Impact of eight SEFs on individual risk factors and CV and all-cause mortality.
Understanding the relationships between environmental risk factors and health is a critical step towards designing targeted policies and programs to reduce the immense burden of attributable disease. To date, most investigations of environmental factors have studied single risk factors in high-income settings. We therefore developed a spatial environmental model to provide a better understanding of the independent associations between multiple spatial environmental factors and mortality, within a low-income population in the middle-income country of Iran.
We analyzed data of participants enrolled in the Golestan Cohort Study (GCS) in Golestan Province, Iran, a middle-income country with diverse ethnicities and lifestyles. In both Iran and Golestan, CVD is the leading cause of death and disability .
The GCS enrolled 50,045 individuals (28,811 females and 21,234 males) across northeastern Golestan from 2004 to 2008 . Participants ranged in age from 40 to 75 years in order to capture individuals with higher rates of non-communicable disease, particularly esophageal cancer. Approximately 80% were enrolled from 326 rural villages ranging in size from 20 to 150 residents. The remaining 20% were selected randomly from Gonbad City, the second-largest city in Golestan with a population of approximately 130,000. Exclusion criteria were: unwillingness to participate for any reason; being a temporary resident; or having a previous diagnosis of upper gastrointestinal cancer. Among those selected to enroll, participation rates were approximately 80% for women and 65% for men. Participants were followed-up actively every 12 months with a follow-up success rate was 99%. Study methods were approved by ethics review committees of the Tehran University of Medical Sciences, the International Agency for Research on Cancer, and the National Cancer Institute. All participants signed a written informed consent at enrollment. The full study protocol is publicly available .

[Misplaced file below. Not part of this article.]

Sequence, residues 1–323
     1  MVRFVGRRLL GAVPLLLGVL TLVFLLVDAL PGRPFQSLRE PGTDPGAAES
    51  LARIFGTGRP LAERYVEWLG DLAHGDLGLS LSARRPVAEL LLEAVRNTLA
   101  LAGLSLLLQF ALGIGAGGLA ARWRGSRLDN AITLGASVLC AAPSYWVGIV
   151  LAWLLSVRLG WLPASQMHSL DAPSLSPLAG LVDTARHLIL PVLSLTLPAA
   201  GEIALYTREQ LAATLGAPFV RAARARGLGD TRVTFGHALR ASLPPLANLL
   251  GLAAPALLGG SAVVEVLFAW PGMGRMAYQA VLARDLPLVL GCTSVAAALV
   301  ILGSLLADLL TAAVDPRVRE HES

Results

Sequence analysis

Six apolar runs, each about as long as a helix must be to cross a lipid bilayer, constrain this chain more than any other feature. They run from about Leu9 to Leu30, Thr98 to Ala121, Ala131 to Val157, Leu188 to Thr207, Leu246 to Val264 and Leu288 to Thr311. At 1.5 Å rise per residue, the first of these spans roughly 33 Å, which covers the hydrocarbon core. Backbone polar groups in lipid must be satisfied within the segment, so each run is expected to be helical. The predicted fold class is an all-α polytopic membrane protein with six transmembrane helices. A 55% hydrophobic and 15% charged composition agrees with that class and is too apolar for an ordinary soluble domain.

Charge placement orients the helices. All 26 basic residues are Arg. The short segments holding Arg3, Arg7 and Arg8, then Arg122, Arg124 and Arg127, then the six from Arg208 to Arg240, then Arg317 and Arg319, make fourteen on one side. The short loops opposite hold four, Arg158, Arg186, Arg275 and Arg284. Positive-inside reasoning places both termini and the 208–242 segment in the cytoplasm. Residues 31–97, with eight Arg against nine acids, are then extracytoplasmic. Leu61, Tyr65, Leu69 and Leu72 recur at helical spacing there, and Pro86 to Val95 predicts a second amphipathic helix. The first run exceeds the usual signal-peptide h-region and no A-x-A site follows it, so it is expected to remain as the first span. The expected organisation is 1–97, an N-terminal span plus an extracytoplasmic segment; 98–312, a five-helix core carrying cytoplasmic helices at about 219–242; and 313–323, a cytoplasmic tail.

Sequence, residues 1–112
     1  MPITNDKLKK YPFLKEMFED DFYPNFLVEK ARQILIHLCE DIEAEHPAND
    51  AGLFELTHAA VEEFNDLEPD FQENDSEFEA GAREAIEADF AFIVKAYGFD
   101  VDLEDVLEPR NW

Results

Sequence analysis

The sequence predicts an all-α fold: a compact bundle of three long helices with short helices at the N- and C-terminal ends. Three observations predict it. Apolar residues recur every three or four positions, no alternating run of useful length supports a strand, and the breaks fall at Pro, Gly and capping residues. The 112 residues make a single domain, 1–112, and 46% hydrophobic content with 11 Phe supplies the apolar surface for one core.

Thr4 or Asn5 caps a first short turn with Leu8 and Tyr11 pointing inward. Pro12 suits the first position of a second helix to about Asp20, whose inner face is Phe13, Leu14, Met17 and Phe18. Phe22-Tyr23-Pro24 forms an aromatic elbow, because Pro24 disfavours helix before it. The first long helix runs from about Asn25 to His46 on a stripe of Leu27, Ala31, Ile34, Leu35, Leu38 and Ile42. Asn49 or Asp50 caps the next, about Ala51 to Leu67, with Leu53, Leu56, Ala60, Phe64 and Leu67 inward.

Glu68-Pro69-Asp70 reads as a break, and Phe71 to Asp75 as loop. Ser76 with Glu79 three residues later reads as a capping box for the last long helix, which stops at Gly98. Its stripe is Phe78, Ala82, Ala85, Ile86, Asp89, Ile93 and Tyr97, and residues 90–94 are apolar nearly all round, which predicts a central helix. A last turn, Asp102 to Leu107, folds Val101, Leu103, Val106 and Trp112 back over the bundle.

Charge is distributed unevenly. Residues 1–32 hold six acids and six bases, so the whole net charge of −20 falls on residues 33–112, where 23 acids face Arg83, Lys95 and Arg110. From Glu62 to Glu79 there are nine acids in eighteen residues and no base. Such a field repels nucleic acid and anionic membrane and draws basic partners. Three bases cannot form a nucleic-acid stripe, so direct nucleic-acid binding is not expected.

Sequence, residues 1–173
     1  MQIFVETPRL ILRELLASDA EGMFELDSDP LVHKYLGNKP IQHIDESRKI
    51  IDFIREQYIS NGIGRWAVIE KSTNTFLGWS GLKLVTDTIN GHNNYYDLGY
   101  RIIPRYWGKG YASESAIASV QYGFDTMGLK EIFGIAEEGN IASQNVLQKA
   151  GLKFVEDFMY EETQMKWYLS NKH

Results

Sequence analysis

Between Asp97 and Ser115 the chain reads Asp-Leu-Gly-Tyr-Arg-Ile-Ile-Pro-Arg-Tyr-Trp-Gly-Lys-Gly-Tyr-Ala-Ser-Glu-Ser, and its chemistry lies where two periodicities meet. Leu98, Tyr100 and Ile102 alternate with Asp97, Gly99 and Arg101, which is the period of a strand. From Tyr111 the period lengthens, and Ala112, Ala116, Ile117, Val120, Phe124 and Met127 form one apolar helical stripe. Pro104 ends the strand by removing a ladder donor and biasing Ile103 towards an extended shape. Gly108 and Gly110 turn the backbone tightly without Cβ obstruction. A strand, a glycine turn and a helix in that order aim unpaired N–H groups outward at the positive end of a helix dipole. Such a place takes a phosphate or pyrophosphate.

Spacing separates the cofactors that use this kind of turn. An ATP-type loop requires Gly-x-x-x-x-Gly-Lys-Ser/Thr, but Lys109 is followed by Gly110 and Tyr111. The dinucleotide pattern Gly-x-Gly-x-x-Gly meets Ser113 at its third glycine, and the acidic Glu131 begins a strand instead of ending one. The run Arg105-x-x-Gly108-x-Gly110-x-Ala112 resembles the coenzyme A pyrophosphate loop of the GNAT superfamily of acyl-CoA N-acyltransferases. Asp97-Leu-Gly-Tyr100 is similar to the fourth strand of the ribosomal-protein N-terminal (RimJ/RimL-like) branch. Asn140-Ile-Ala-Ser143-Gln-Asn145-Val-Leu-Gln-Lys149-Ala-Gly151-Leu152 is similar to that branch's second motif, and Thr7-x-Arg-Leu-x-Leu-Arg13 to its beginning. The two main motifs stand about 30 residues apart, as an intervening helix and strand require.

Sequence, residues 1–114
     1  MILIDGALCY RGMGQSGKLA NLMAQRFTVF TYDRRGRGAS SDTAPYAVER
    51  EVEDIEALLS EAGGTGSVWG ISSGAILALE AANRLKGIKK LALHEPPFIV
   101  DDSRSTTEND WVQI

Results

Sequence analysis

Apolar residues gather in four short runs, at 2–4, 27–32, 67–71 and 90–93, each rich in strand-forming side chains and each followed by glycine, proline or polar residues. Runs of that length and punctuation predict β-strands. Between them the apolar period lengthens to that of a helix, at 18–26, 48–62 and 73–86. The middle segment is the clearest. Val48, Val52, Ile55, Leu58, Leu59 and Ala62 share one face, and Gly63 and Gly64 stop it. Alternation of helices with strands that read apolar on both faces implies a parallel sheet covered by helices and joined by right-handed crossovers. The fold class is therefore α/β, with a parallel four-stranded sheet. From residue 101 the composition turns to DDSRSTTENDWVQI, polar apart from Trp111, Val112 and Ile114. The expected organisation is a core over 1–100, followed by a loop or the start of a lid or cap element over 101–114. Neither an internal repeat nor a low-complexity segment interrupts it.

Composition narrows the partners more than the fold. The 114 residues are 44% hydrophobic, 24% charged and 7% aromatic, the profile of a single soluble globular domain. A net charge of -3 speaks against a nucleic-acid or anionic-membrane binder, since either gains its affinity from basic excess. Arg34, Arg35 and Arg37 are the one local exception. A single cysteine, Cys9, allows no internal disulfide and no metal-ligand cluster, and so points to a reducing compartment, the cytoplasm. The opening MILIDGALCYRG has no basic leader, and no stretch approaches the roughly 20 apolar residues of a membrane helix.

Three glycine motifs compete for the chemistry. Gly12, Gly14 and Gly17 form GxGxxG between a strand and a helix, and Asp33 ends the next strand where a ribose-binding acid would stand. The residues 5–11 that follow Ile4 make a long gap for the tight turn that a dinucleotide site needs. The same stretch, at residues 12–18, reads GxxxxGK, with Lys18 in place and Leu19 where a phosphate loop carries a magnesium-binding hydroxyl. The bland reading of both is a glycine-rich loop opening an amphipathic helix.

Individual baseline characteristics were collected at time of enrollment in the GCS . Participants were interviewed by a physician in their native language and completed a detailed lifestyle questionnaire and physical exam. The following covariates were included in our analysis: age, sex, ethnicity, marital status, education, socioeconomic status, waist and hip circumference, physical activity, medical history (IHD, stroke, diabetes, hypertension), and substance use (tobacco, alcohol, and opium). Details on the socioeconomic status score can be found in S1 File.